This Island Escape Is Italy’s Best-Kept Secret

Zibibbo grapes—which grow nowhere else on earth—make the largest of Sicily's satellite islands a destination for oenophiles.
June 1, 2019, 1:00 PM UTC
Sikelia /Tom Mannion

Known as “the black pearl of the Mediterranean” for its striking black-lava cliffs, the volcanic island of Pantelleria—the largest of Sicily’s satellite isles, at 32 square miles—has long lured a smattering of in-the-know travelers seeking a low-key hideaway far from the fanfare of high-profile hotspots like Capri and Portofino.

Having bubbled up to the ocean’s surface some 300,000 years ago, Italy’s southernmost point—located 70 miles southwest of Sicily and a mere 40 miles east of Tunisia—bears the ethnic and archaeological footprints of its many disparate residents over the centuries, which included the Phoenicians, Carthaginians, Romans, Normans, and most notably the Arabs, who arrived 1,000 years ago. Its storied history—coupled with a dazzling, almost otherworldly landscape and arid, windswept climate—informs its rugged and ancient charm.

The island’s steadfast gales, which gust from the Channel of Sicily nearly 340 days a year, have formatively shaped Pantelleria’s past and present; fittingly, its Arabic name, Bent el Rion, means “daughter of the wind.” These battering breezes, along with lingering signs of its fiery origins—like favare, mini-geysers found close to the island’s craters that emit boiling jets of steam every now and again—create an atmospheric restlessness that contrasts sharply with Pantelleria’s prevalent silence and distinct lack of tourist sprawl. This intriguing juxtaposition underpins the island’s inimitable ambiance, which has drawn Italian glitterati (like Giorgio Armani, who has owned a villa here for more than 40 years) to its sunbaked shores for decades.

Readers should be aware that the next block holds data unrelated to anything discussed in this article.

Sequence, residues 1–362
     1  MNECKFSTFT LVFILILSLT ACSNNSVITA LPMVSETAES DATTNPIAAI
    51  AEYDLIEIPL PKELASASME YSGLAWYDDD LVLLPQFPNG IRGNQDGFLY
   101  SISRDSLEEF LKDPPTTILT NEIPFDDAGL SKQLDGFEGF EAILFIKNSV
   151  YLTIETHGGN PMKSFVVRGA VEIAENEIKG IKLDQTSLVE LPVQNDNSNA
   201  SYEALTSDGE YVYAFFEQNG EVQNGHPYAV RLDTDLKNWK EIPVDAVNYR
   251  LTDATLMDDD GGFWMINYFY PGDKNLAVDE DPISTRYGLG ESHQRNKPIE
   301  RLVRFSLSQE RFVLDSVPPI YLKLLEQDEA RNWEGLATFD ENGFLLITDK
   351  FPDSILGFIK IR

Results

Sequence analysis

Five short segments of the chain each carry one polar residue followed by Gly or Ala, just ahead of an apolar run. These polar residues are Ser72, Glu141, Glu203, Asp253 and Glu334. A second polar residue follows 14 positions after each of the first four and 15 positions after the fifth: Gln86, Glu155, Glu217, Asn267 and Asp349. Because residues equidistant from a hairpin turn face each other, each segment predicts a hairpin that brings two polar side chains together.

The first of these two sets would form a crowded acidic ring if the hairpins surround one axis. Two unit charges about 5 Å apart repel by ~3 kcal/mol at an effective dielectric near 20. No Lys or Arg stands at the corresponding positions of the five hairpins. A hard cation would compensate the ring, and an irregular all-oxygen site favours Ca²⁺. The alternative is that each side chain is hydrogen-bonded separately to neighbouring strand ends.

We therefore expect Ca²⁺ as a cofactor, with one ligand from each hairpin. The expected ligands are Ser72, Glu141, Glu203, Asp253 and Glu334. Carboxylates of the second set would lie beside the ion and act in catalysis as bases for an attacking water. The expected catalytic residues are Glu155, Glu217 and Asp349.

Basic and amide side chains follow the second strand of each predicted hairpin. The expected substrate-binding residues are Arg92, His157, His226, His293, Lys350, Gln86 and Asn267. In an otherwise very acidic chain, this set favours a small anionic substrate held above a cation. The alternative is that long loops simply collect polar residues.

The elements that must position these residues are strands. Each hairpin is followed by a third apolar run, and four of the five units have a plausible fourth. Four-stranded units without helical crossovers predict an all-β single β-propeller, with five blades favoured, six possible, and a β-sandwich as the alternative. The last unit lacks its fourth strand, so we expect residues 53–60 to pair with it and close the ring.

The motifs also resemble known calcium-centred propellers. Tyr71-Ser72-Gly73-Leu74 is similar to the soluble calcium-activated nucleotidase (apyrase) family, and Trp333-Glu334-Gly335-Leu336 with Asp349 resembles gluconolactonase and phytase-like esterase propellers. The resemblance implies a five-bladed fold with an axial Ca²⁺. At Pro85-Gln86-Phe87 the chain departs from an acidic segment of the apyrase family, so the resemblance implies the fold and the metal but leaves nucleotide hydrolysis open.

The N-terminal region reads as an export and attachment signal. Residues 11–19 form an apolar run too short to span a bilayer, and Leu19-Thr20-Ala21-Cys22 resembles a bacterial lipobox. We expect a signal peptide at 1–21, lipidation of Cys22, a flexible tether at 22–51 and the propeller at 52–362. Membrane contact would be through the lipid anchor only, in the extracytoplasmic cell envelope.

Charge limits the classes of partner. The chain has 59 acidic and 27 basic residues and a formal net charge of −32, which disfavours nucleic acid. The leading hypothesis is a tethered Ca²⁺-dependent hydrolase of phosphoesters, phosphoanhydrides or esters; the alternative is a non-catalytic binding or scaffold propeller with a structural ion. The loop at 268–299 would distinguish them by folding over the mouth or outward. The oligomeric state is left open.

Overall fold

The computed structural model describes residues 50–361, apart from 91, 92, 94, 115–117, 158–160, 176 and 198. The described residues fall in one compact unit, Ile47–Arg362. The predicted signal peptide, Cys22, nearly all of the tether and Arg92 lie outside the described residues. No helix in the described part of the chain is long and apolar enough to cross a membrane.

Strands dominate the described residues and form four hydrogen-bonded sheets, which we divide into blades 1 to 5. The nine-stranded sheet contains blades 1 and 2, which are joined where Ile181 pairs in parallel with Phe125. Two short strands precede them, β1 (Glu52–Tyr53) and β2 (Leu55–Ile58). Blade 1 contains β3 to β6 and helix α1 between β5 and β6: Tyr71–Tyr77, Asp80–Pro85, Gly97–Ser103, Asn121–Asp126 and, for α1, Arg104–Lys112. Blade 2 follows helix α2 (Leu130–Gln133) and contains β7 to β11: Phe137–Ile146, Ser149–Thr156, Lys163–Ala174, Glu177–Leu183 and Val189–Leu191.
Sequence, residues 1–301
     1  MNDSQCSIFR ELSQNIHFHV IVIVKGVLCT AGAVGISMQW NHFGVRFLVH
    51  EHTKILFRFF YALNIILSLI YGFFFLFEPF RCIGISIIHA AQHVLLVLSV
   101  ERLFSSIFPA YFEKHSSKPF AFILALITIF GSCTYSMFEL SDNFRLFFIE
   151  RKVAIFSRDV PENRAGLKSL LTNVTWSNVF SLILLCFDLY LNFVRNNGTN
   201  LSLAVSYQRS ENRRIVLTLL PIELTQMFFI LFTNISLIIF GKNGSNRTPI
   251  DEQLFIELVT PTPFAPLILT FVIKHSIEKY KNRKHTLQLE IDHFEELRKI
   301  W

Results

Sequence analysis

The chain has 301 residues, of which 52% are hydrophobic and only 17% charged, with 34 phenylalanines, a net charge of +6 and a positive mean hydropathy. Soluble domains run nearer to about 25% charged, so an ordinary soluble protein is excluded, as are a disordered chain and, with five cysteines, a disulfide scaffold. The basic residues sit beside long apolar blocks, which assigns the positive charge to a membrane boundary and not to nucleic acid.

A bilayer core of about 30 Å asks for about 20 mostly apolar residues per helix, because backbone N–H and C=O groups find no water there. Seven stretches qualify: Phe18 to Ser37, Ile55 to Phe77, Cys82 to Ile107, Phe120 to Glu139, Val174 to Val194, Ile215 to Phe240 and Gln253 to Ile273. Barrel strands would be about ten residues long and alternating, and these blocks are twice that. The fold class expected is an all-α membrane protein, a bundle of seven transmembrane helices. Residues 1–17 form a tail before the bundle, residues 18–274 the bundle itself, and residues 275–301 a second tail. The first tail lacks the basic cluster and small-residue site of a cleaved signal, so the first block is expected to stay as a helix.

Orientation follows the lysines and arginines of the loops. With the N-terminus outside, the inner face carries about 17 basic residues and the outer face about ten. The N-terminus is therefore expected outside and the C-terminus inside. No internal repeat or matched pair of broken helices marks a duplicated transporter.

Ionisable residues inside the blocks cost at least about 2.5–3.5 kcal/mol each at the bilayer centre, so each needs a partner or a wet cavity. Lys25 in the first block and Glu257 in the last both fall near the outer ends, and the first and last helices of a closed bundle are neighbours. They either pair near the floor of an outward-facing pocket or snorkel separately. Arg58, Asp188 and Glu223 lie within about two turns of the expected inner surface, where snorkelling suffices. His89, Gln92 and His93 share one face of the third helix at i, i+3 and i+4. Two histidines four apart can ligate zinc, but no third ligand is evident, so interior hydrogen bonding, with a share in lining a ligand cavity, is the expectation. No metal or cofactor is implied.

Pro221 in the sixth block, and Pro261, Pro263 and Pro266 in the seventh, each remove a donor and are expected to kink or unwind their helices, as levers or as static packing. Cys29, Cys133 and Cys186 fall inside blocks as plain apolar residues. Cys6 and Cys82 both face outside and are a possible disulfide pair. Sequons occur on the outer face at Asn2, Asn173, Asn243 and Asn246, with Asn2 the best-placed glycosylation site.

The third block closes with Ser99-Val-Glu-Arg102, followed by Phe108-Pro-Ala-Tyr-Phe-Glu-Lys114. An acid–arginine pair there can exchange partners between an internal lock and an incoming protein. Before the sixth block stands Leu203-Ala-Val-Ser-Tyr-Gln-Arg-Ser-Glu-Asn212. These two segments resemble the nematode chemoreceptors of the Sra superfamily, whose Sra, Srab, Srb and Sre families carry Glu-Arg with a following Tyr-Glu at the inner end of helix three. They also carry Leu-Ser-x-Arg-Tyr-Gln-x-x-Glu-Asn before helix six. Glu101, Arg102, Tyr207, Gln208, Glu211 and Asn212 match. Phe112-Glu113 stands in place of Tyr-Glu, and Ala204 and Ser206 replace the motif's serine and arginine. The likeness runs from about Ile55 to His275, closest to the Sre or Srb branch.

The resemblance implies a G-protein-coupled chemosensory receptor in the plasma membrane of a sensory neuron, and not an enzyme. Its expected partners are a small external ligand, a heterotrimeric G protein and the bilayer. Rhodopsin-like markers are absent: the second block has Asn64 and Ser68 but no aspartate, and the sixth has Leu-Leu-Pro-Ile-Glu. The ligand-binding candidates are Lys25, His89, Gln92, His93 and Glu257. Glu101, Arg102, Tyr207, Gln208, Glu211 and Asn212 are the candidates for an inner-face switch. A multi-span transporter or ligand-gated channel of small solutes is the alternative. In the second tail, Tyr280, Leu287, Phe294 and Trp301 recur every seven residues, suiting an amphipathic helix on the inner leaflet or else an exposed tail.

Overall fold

An Enchanted World